Friday, February 22, 2019

6 Books with Simon Ings

Credit: Simon Ings
Simon Ings is a novelist and science writer living in London, England. When he isn't writing novels, and science books, he is writing reviews for FT, The Spectator and the Daily Telegraph. Find him online at , and @simonings. His newest book is The Smoke. 

Today Simon shares his Six books with us.

1. What book are you currently reading? 

This winter, for the first time in years, I spent Christmas alone. I figured that since I was going to be a grumpy bugger, I had better make a virtue of necessity. A litre bottle of frozen vodka and Robert Chandler's translation of Vasily Grossman's Life and Fate (think War and Peace for the Stalinist era) did the job nicely -- up to a point. Two-thirds of the way through, its cast of thousands got all tangled up in my head, so now I'm having to re-read the bloody thing. Why am I doing this to myself?

That title's no joke, by the way: there's a whole world here, and all of it is burning.

2. What upcoming book are you really excited about?

My mate Tim Maughan has his first novel out from FSG in March. Infinite Detail is set five minutes into the future, in a corner of Bristol not a stone's throw from where I began what I laughingly call my career. So lots of unearned roman a clef moments are assured.

Talking of futures, Paul Dobraszczyk's Future Cities: Architecture and the Imagination has just come in from Reaktion Books. Not your usual Verne/Robida medley, this promises to take speculative design and design fiction out of the hands of -- well, people like Tim Maughan, actually -- and to place it bang in the middle of architectural practice. There's nothing new under the sun, my friends, and least of all the new.

3. Is there a book you’re currently itching to re-read? 

One of the many things I hate about myself is that I never bother to re-read anything. The book that's been burning a hole in my bedside table  for years is Wyndham Lewis's satirical epic The Apes of God. It gave me the voice I was sorely missing for my second novel, and I swore blind at the time that it had changed my ideas about the sort of writer I wanted to be. I have no idea now what I was on about, and am almost afraid to find out -- so there it still sits.

4. How about a book you’ve changed your mind about – either positively or negatively?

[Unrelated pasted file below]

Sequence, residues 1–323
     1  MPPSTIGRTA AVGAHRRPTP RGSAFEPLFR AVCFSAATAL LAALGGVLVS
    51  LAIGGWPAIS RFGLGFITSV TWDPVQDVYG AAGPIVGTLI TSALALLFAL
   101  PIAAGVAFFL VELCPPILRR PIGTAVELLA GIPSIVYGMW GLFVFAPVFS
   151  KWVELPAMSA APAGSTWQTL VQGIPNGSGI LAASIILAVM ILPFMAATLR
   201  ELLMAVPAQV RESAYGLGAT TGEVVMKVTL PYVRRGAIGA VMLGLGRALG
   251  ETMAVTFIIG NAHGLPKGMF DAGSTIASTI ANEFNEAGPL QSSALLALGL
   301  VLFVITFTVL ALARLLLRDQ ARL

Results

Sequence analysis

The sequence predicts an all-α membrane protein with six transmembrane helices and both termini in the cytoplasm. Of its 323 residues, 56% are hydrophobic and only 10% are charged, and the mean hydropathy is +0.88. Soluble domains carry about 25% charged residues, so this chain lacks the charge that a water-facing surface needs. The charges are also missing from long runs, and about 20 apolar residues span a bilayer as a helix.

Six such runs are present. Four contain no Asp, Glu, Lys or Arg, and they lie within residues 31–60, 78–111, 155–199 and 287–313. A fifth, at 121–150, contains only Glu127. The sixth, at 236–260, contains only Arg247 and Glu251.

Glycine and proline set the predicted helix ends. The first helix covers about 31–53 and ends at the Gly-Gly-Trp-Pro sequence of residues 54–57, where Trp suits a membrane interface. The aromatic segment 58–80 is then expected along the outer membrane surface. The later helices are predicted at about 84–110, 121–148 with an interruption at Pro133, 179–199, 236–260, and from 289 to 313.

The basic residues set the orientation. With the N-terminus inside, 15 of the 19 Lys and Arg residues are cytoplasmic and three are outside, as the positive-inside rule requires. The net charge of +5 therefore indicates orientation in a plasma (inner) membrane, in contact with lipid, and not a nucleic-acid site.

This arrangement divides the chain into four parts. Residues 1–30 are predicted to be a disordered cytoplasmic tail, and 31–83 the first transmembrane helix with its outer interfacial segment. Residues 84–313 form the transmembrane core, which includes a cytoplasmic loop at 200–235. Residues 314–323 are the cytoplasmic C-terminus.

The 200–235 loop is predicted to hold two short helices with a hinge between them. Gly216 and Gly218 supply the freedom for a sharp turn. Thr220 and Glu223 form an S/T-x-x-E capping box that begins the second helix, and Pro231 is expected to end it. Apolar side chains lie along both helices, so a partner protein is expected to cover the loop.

Because I don't re-read, I never really develop such nice nuanced relationships with books. What I do tend to do is build ridiculous edifices of received opinion against works I'm frankly too afraid to tackle. I can't be the only one, I mean who has actually had the temerity to read Joyce's Ulysses?

I'll tackle Freud before that. Freud is like Death. The more you run from him, the greater your risk of running into him. Time for me to face the music.

5. What’s one book, which you read as a child or a young adult, that has had a lasting influence on your writing?

John Christopher got under my skin as a child and has never let me go. Kids' books like The Prince in Waiting fed me those nostalgic and valedictory notes you need if you're going to write into the British fantasy tradition. Much, much later I discovered the man had teeth: Death of Grass is a sort of John-Wyndham-without-the-apology tale about how personal virtue actually works in a disintegrating culture. Kindness is not a virtue. It is a sentiment. There, I've said it. But JC said it first.

6. And speaking of that, what’s your latest book, and why is it awesome?

It's a novel called The Smoke, about London (there is no better city), and tribalism, and about how there can never be an "us" without a "them". And it's about all the work we do, sincerely and with good will, to negotiate around that awful fact. The Smoke is awesome because, along with the speciation and the spaceships, it's a love story, a twisted memoir if you like, about the woman to whom the book is dedicated. She's gone now -- which is where we came in.

POSTED BY: Paul Weimer. Ubiquitous in Shadow, but I’m just this guy, you know? @princejvstin.